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GM Memo Shows Insidious Nature of Corporate Choice – Profits Over Safety

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If ever there was a time to think about the power of words, it is precisely the moment at which one finds oneself potentially entering into a litigious situation. The 2008 GM memo instructing employees on language use (or what not to use), recently debuting on all major news channels, reveals the degree of GM’s deceit.

In 2008,  GM gave a PowerPoint presentation to employees on appropriate terms to be used when discussing safety issues in office communications. The presentation gave 69 examples of words not to use and offered advice on what was appropriate. Employees were told they should not use words like, “Hindenburg,” “powder keg,” “Titanic,” “apocalyptic,” “You’re toast,” and “Kevorkianesque.”  In the presentation these words were labeled as ‘vague and nondescriptive’.  Staff was also told to also avoid using the words, “safety”, “safety related”, “serious”, “failure”, and “defect”.  “Instead of “Safety,” an employee should write that something “Has potential safety implications.” Instead of “Defect,” an employee should say that something “Does not perform to design.” Instead of a “Problem,” there is an “Issue, condition, matter.” (CNN Money, 5/17/14)

[Here’s a thought:  How about spending time on improving the cars that have “potential safety implications” instead of time on avoiding responsibility and deceiving the public?]

National Highway Traffic Safety Administration (NHTSA) Acting Administrator David Friedman was critical of the GM document.  In a press conference on May 16, “Friedman said that, in telling employees to avoid certain language when writing about safety issues, GM was discouraging open and free discussion of potential problems.”  (CNN Money, 5/17/14) The presentation ended with the warning to consider the impact of internal documents if viewed by the general public.

To say that the GM revelations were poorly received is an understatement, coming as GM is facing massive government fines and numerous lawsuits for its failure to issue safety recalls that have been linked to at least 13 deaths.  This conduct was simply an attempt by GM to keep defective and dangerous vehicle information hidden by ensuring that intra-office communications were consistent with the corporation’s public message.  Forbes magazine (which is not known as a bastion of consumer advocacy), however,  suggested a rather noble objective by the company:  “GM wrote a completely sensible memo to its employees reminding them what happens when incautiously written statements end up in the hands of trial lawyers. They play sensationally with the jury.”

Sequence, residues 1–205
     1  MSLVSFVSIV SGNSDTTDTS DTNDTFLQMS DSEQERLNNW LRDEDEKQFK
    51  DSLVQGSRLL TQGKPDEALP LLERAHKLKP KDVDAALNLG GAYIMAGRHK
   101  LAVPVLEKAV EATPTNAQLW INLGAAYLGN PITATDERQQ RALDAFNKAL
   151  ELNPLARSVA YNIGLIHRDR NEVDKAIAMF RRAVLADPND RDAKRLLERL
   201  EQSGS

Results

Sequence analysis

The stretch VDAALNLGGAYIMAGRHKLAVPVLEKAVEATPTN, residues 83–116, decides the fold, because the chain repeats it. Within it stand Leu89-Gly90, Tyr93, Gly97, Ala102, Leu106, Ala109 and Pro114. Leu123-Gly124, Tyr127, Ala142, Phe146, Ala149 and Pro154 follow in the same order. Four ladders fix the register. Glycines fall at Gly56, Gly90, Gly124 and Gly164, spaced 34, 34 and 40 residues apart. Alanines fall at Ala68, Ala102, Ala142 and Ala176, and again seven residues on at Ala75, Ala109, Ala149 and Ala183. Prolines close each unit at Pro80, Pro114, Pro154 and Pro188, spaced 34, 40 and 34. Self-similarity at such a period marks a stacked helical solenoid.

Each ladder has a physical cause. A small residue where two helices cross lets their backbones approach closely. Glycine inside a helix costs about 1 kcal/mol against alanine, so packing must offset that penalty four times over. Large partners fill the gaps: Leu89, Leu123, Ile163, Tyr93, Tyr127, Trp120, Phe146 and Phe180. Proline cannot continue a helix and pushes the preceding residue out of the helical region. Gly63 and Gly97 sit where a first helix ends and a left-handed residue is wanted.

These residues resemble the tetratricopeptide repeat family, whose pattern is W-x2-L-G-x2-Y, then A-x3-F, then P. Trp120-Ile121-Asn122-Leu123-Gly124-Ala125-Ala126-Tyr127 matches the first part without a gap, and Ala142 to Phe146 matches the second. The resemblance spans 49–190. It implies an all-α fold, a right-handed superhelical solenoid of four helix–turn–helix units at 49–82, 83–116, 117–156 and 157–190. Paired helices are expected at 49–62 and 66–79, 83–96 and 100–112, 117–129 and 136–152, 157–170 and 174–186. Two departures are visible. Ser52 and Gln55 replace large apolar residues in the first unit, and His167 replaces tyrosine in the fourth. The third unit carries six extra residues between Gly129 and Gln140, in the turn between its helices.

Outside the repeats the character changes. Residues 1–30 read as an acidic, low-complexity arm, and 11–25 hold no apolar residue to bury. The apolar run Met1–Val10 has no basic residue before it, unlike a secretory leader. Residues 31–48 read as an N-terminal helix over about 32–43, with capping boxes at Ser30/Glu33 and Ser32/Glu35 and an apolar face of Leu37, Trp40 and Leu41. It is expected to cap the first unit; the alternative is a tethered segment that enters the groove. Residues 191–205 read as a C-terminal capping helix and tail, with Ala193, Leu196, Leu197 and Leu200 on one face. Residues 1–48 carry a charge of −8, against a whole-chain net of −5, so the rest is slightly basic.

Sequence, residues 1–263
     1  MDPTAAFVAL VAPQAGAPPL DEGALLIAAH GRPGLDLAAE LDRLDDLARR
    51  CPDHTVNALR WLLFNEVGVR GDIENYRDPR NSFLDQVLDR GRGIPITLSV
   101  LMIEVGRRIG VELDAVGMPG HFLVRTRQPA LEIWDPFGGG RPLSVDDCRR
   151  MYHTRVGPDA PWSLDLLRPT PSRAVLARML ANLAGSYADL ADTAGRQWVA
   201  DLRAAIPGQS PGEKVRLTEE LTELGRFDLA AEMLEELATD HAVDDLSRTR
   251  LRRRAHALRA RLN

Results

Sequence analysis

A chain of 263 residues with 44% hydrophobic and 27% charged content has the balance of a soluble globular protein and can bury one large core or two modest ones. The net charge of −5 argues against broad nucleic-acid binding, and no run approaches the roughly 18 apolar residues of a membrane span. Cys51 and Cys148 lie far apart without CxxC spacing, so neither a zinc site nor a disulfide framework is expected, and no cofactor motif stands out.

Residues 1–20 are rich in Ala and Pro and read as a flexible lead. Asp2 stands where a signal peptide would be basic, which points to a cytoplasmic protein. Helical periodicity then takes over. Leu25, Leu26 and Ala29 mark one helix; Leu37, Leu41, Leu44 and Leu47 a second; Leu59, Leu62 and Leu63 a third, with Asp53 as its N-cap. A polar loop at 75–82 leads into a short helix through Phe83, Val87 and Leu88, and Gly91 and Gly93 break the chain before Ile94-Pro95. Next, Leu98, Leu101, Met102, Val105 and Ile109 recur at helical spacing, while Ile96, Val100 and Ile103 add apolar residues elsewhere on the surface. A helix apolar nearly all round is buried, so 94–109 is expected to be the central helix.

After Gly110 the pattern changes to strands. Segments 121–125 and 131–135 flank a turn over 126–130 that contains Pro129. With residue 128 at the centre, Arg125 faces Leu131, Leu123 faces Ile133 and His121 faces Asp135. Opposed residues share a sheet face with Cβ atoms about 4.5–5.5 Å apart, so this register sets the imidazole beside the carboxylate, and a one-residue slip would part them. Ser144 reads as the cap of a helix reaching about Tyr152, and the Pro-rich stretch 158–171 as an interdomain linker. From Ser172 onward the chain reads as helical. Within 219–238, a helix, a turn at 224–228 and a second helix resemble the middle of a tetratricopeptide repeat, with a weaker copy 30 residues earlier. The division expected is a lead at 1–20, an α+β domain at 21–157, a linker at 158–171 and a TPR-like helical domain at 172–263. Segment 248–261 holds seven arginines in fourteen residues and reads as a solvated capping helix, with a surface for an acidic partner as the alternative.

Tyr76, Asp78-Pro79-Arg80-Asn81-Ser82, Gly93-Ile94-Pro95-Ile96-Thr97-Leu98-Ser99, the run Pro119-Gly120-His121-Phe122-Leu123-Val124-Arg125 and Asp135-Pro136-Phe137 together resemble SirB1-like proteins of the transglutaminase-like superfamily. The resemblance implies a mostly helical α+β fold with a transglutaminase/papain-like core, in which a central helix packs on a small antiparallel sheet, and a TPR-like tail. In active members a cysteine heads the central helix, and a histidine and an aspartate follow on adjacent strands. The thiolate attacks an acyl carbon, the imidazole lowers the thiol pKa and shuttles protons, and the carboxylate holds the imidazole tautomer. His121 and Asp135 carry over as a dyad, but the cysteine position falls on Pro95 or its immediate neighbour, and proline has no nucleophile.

[Note to GM:   A good way to put trial lawyers out of business (this writer is a trial lawyer) is to design and manufacture safe products.  There is plenty of other work for good trial lawyers to do besides suing a major auto manufacturer who denies, obfuscates, stalls, outspends, and plays hide-the-ball during years of litigation, hoping that the plaintiff gives up or that some judge or appellate court will save the company (i.e., dismiss the case) before the case gets to a jury.]

Giving GM the benefit of the doubt, however,  it should be standard operating procedure to encourage employees to avoid negative comments about the products the company designs and manufactures. Common sense tells us not to bite the hand that feeds us. But the very use of words like “Hindenberg” and “apocalyptic” reveals the level of concern at GM during this time period.  Because it knew it had some problems; it knew it was making some low-quality and unsafe automobiles.  GM’s evasiveness, and hesitance to accept responsibility and be held accountable concerning the vehicles in question – which are/were obviously dangerously defective –  adds fuel to the fire.  Further, the following statement, reported in The Hill, implies that GM was at that time indeed engaging in subterfuge:  “GM spokesman Greg Martin said the company had changed its safety culture since the 2008 presentation, and is now encouraging employees to be more honest about defects.”

Any good business wants its employees to be factual and objective. Standard office communications should be professional and capable of bearing scrutiny when revealed to outside parties. That goes without saying. What we have seen here by GM, however, is nothing more than an attempt to halt potentially damaging information swirling through the offices of GM as employees became more concerned about the safety of the cars they were designing, manufacturing and marketing.  This goes well beyond the typical corporate presentation (or “spin”) on office communications protocol. And, presented against the backdrop of all we have learned about GM’s conduct thus far, this is just more evidence to support the concerns of NHTSA and the federal government about the culture at GM.  One big remaining question is this:  is GM the only company that has conducted itself in this manner?

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